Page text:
Having rediscovered humour, Sullivan is still stuck in prison, when suddenly he has an inspired idea for getting out : he confesses to the murder of Sullivan. This gets his picture on the front pages of newspapers everywhere and when he’s recognized as Sullivan, the whole misunderstanding is cleared up and he’s pardoned and released. Back with his staff, he reveals that he’s going to scrap making O Brother, Where Art Thou? and make a comedy instead, this time a really good one, reasoning that laughter can do more for the poor than another do-goody social-conscience picture. Sullivan’s wife divorced him when she thought he was dead and has taken up with his business manager, who she’d been playing around with anyway, so Sullivan is now free to marry The Girl. The movie ends with a montage of laughing faces.

My apologies for revealing so much of the plot, but this can’t possibly ruin the movie, it has to be seen to be fully appreciated and bears watching several times, it’s one of the best films I’ve ever seen. It may be the best movie-within-a-movie ever made. Sturges has made a movie about a successful director who’s tired of making frothy comedies and wants to make a serious picture with political significance, and he’s succeeded in doing just that, while also making people laugh, it’s a neat trick.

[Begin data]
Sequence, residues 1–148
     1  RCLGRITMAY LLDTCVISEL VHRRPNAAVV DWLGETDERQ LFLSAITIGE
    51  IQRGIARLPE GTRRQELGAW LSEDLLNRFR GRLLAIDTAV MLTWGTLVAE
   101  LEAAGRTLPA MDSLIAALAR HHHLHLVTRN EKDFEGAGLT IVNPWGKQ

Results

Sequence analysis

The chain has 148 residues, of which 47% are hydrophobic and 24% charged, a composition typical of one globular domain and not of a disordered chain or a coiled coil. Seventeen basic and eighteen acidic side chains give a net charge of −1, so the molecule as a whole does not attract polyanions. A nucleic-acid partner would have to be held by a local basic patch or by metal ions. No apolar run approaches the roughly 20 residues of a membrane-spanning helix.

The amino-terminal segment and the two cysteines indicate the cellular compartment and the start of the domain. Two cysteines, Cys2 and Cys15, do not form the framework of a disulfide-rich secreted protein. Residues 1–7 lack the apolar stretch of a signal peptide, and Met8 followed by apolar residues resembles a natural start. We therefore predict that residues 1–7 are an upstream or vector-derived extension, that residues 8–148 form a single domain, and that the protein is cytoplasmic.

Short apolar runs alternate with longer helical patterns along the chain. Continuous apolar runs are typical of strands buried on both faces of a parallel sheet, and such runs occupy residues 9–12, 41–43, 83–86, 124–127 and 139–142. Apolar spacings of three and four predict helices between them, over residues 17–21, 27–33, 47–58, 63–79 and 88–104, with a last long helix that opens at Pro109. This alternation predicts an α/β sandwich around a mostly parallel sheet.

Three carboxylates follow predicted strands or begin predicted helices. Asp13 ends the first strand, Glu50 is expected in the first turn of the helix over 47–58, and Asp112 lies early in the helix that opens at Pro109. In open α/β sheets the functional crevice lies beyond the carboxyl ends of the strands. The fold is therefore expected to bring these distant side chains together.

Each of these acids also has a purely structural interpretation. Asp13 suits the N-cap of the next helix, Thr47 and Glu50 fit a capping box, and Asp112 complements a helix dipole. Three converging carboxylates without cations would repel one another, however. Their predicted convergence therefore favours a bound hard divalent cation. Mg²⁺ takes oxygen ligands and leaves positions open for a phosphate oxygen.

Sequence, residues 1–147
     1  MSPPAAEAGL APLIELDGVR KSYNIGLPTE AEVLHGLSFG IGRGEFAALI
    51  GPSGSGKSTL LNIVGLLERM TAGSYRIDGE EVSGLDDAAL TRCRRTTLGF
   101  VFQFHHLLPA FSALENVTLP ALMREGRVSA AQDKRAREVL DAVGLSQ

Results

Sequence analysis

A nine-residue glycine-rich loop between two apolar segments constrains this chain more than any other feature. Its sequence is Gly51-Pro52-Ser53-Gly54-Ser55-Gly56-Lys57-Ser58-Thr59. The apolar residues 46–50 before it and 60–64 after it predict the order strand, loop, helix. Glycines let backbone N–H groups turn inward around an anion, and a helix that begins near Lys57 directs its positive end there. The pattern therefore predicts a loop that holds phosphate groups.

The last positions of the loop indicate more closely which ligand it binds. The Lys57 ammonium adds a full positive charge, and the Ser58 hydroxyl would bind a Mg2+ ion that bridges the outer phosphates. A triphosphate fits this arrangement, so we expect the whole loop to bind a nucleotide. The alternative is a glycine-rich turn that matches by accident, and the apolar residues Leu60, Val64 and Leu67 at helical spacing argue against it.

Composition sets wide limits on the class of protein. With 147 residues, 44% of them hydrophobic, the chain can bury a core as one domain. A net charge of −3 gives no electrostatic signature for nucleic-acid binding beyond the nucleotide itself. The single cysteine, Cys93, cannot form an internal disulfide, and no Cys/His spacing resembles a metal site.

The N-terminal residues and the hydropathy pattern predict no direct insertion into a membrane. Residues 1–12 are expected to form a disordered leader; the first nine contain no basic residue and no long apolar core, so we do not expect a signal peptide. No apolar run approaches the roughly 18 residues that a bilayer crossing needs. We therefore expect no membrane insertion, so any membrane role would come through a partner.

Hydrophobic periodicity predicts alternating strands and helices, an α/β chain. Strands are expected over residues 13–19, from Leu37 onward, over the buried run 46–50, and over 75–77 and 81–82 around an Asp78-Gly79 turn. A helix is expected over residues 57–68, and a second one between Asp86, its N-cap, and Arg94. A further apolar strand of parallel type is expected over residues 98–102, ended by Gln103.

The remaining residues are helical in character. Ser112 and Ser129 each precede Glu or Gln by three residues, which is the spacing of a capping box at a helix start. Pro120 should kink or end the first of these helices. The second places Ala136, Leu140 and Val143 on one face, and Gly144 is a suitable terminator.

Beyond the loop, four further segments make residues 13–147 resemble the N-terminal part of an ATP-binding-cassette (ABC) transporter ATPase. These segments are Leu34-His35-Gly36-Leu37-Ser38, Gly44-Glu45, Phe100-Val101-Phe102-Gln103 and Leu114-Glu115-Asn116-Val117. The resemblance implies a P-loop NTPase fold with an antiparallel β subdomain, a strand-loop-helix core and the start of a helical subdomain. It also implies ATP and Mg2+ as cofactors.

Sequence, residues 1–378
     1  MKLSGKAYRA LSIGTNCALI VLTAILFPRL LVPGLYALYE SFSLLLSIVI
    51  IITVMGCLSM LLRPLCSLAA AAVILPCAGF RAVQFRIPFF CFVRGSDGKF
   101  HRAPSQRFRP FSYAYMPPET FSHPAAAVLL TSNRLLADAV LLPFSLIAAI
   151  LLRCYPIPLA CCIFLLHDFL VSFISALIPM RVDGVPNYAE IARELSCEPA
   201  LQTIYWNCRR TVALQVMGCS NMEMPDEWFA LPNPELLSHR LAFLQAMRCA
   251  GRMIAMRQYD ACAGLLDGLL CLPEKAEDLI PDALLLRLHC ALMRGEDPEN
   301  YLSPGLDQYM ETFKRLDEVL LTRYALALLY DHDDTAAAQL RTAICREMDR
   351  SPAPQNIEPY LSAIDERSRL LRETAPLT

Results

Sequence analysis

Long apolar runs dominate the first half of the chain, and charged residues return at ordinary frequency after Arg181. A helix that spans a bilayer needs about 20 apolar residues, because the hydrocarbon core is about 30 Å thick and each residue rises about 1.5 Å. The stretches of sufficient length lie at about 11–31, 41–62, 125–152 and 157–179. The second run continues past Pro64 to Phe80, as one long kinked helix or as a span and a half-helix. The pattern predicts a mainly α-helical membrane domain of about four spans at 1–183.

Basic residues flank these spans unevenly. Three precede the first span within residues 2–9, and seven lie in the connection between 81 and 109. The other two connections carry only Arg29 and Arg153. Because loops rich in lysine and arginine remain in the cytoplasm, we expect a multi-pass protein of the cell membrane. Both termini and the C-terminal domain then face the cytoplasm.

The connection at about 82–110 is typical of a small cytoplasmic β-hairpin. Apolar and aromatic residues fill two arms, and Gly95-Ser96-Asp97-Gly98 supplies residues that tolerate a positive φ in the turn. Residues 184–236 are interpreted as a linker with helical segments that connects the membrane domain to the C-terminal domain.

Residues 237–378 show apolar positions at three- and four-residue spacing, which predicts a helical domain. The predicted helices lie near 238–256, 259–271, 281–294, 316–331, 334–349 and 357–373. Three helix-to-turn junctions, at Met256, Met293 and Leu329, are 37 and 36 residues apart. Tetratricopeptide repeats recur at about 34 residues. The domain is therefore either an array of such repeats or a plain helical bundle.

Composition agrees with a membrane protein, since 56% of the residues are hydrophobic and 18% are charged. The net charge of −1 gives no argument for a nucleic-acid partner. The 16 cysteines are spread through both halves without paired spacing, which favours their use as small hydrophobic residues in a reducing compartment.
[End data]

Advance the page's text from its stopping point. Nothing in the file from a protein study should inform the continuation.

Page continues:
Anna had never heard of Preston Sturges before and hadn’t seen this movie. It was interesting and fun to watch her react to it, she was blown away by its uniqueness and its ability to go from zany comedy to grim darkness in a heartbeat, saying of me, “No wonder you like this one.” She was right, nobody but Sturges could take you from farce to Grapes of Wrath territory so fast. Sturges doesn’t pull any punches or shy away in portraying the trials of the migrant poor – they don’t seem like actors in the film, they seem real. Nor does he flinch in showing cruelty and harshness, the filming of the scenes involving the hobo’s theft, the fight with the railway bull and the sadism of the head prison guard are masterfully done, stark and unsentimental. Anna was also stunned by the little surreal touches often in the background, such as the big placard on the wall of a homeless shelter, asking “Did you write home today?” Because it’s so quick and subtle, we missed one of the most notorious of these red herrings. During a mildly romantic scene when Sullivan and The Girl are innocently strolling through some woods around a lake, the legs of a human corpse hanging from one of the trees appear in the background. It has nothing to do with the scene or the plot and is not commented upon, it’s just there. Lynching is certainly no laughing matter, but Sturges’ deadpan use of this is unaccountably funny. It’s something you’d expect to see in a Mel Brooks or Monty Python movie done 35 years later, but not in a film released in 1941. No wonder the censors had some reservations about Sturges.